Melissa Auf der Maur shares a happy existence nowadays with her husband and young daughter, residing in the small town of Hudson, New York. Although she doesn’t ferociously strum those bass strings so much anymore, juggling motherhood, her love for art and acting keeps her busy enough. But there was a time when Melissa, for want of a better word, was a badass bassist for two of the nineties biggest rock bands, Hole and Smashing Pumpkins, before launching into a successful solo career.
It wasn’t always like that though, in the beginning Auf der Maur had her sights set on becoming a photographer, and playing guitar was little more than a hobby during her college days. But after seeing a Smashing Pumpkins show in 1991, and having to apologies to Billy Corgan on behalf of her friend for throwing a bottle at the stage, she was won over by the ferocious excitement Pumpkin’s punk rock. In short, she abandoned her college class and concentrated on playing bass in the hope of living out her dream as a rock star.
Rock n’ roll fairy tales seldomly come true, but it was a few years later, after finally getting together a band of her own, that she wrote Corgan a letter, asking if her band could open up for the Pumpkins in Montreal. Sure enough, it happened and in the process Auf der Maur’s bass playing caught the attention of Smashing Pumpkin’s Billy Corgan, who eventually recommended Aur Der Maur to Courtney Love’s band, as Hole’s replacement bass player after Kristen Pfaff’s fatal drug overdose.
For five incredible years Auf der Maur was part of one of the most successful female fronted rock bands (excluding lead guitarist Eric Erlandson). Beginning in 1994, she was thrust into a troubled world of grief, drug abuse and stadium rock. Through it all, Melissa held her own, playing her pulsating bass the world over. In fact, it probably fair to say her incredible bass lines helped carry Hole’s music forward. Notably, she was also a breath of fresh air in what could have been a truly toxic environment. Erlandson once described her as a shining light, while drummer Patty Schemel described Melissa as her rock or anchor.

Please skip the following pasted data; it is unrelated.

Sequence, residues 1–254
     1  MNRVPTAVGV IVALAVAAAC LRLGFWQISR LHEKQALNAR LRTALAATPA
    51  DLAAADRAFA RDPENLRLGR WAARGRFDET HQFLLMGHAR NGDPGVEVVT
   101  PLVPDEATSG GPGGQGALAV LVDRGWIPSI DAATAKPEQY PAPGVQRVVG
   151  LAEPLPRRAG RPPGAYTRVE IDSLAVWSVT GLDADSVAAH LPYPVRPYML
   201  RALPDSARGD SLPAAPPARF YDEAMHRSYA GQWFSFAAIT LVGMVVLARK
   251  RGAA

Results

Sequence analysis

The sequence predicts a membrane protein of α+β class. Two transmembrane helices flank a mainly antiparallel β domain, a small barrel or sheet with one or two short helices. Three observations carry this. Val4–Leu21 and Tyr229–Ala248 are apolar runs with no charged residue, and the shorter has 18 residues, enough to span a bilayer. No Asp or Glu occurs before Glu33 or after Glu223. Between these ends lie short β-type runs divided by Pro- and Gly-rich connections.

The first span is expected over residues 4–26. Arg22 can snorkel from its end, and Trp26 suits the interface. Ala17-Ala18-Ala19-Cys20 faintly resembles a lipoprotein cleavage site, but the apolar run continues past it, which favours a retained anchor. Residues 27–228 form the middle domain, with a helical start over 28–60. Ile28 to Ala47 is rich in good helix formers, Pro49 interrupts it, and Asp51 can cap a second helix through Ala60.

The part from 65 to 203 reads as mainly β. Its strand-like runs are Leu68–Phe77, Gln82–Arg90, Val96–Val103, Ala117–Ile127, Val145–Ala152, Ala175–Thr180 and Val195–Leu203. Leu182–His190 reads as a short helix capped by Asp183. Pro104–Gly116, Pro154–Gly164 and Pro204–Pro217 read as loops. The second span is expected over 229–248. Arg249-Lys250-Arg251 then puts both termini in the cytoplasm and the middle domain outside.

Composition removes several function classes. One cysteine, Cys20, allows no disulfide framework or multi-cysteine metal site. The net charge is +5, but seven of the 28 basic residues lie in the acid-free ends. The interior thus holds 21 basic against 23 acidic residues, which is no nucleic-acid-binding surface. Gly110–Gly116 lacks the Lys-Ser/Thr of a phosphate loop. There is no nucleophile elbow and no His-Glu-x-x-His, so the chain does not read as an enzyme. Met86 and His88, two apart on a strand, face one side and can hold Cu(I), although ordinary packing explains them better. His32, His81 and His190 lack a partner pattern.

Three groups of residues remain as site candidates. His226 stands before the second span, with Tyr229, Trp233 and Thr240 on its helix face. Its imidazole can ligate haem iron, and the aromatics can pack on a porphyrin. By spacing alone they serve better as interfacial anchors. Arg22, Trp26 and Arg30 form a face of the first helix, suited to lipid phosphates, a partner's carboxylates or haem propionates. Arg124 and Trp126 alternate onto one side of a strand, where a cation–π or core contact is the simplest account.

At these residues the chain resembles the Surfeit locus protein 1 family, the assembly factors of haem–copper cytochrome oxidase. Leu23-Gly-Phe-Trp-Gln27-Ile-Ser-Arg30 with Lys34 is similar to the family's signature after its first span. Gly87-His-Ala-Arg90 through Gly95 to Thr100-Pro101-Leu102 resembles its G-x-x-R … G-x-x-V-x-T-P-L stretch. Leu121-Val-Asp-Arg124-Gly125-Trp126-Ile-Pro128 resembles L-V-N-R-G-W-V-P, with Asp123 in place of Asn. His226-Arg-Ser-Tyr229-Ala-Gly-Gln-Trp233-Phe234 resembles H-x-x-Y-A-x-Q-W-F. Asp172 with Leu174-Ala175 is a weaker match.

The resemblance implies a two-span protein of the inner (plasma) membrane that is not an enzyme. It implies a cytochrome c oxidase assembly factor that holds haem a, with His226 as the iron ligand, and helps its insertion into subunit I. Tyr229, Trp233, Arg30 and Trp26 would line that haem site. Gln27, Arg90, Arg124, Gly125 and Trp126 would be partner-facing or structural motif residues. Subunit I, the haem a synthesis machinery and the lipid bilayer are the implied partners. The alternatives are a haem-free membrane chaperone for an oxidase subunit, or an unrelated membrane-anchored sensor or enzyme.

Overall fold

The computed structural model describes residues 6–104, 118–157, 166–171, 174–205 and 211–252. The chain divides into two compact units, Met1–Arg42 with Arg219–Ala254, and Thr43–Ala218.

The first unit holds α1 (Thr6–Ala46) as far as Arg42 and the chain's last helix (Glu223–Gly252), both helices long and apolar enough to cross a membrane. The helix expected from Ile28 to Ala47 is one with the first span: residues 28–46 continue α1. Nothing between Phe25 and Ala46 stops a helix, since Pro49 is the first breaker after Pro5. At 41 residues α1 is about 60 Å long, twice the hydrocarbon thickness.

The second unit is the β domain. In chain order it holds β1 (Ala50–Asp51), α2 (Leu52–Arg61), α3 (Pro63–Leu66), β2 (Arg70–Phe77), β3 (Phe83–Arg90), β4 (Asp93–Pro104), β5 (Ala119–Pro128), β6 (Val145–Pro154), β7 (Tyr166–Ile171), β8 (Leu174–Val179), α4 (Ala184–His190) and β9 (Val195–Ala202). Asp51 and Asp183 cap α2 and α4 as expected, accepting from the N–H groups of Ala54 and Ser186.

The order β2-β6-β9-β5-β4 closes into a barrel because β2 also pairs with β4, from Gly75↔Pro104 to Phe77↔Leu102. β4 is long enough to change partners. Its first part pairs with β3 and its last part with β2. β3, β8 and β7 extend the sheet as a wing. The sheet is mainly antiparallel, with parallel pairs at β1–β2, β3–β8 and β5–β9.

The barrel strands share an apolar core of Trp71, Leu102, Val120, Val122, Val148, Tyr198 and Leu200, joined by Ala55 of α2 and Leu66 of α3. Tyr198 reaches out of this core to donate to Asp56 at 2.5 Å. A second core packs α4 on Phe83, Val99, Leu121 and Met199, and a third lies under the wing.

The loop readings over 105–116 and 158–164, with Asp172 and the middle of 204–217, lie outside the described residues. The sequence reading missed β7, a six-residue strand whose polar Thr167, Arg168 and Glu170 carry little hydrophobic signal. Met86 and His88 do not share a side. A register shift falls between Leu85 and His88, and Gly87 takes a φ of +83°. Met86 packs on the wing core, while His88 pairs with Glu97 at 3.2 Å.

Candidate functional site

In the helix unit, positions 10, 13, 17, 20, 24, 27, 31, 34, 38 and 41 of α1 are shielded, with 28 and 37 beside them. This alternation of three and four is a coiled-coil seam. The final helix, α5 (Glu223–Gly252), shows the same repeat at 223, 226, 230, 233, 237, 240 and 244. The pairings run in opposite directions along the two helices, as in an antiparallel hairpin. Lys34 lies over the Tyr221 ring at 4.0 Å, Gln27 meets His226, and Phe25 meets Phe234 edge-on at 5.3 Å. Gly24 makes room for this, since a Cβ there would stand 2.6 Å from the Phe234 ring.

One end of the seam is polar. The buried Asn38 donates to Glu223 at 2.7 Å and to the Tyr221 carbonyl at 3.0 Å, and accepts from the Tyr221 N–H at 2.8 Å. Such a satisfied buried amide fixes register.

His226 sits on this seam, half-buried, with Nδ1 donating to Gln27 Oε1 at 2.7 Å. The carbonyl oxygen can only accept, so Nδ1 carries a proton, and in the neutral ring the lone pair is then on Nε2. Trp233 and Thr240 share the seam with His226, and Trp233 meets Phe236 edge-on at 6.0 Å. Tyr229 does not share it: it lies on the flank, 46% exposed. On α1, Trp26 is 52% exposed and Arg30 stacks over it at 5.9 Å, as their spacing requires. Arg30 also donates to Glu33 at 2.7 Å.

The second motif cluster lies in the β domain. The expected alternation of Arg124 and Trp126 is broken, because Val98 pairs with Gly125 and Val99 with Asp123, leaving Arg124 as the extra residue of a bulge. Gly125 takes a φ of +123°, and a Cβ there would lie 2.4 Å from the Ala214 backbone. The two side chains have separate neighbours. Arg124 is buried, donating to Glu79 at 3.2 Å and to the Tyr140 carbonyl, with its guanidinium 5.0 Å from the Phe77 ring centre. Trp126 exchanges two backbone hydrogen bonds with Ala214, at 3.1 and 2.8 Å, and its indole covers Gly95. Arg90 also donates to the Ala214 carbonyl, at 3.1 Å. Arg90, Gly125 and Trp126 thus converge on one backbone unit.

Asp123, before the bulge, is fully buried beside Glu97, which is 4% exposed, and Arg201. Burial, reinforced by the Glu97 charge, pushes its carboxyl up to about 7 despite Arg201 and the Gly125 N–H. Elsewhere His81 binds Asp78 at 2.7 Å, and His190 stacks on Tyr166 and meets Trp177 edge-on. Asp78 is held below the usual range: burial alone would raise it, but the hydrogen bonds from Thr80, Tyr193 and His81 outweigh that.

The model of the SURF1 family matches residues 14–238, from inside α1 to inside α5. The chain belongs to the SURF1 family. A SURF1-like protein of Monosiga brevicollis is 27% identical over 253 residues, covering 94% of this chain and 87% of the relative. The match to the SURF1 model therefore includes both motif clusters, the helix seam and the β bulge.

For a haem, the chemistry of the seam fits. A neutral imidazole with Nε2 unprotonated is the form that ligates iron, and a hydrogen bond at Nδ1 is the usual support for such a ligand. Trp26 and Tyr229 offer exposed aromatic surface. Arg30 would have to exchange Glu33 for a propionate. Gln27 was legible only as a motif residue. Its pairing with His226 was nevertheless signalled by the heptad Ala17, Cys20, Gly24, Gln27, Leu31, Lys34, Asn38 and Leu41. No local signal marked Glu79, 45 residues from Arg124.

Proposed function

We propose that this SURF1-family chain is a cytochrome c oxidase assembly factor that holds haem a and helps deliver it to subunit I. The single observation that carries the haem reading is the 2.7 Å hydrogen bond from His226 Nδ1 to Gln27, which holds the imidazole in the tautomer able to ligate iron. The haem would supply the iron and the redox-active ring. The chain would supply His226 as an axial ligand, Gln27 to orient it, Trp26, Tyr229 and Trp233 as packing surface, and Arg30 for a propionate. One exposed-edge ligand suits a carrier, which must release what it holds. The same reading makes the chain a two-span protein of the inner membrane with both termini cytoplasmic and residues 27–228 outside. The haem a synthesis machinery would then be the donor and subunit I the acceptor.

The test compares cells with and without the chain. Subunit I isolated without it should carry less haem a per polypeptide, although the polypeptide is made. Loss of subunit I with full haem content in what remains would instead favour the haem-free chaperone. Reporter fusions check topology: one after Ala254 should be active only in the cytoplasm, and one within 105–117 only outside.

Melissa would share writing credits on five of the twelve song’s of Hole’s melodic 1998 masterpiece Celebrity Skin before leaving Hole in 1999. She then toured with the Smashing Pumpkins for a year between 1999 and 2000, and after that, she took a brief break that included taking charge of lead vocal duties for a Black Sabbath cover band, before eventually venturing out on her own.
I love everything about Melissa as a solo artist, even more than her days towing the line as a bassist for Love and Corgan. Sure her bass lines rumble and roll especially on Celebrity Skin, but it is as an artist standing out front on her own where her distorted bass shines the most. But not only that, and if you already haven’t discovered, Melissa is also an amazing vocal talent. Her two albums Auf der Maur (2004) and Out of Our Minds (2010) are alternative rock treats worth listening to. Even as I write, I have Isis Speaks pulsating through my stereo speakers as a fine example of the amazing command Auf der Maur has of her bass. She is even more impressive on stage where her fondness for improvisation makes her one of the most unique bass-fronted singer songwriters around. That said, I hope one day she eventually returns from ‘semi-retirement’ to thrill us with her bass lines all over again.